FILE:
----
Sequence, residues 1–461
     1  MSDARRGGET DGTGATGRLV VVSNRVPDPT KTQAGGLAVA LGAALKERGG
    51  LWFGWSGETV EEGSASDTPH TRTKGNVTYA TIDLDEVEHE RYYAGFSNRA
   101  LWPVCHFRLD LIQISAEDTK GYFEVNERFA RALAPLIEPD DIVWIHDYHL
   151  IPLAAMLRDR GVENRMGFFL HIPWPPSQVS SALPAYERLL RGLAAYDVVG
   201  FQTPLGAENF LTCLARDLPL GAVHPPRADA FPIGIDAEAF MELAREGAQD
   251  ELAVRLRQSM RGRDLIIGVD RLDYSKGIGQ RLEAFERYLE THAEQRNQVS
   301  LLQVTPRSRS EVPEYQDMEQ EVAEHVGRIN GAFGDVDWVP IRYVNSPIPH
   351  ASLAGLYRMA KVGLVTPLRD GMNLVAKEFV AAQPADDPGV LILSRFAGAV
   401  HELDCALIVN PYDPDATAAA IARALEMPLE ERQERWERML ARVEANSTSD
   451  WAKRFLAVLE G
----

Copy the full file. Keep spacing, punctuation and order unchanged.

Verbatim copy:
Sequence, residues 1–461
     1  MSDARRGGET DGTGATGRLV VVSNRVPDPT KTQAGGLAVA LGAALKERGG
    51  LWFGWSGETV EEGSASDTPH TRTKGNVTYA TIDLDEVEHE RYYAGFSNRA
   101  LWPVCHFRLD LIQISAEDTK GYFEVNERFA RALAPLIEPD DIVWIHDYHL
   151  IPLAAMLRDR GVENRMGFFL HIPWPPSQVS SALPAYERLL RGLAAYDVVG
   201  FQTPLGAENF LTCLARDLPL GAVHPPRADA FPIGIDAEAF MELAREGAQD
   251  ELAVRLRQSM RGRDLIIGVD RLDYSKGIGQ RLEAFERYLE THAEQRNQVS
   301  LLQVTPRSRS EVPEYQDMEQ EVAEHVGRIN GAFGDVDWVP IRYVNSPIPH
   351  ASLAGLYRMA KVGLVTPLRD GMNLVAKEFV AAQPADDPGV LILSRFAGAV
   401  HELDCALIVN PYDPDATAAA IARALEMPLE ERQERWERML ARVEANSTSD
   451  WAKRFLAVLE G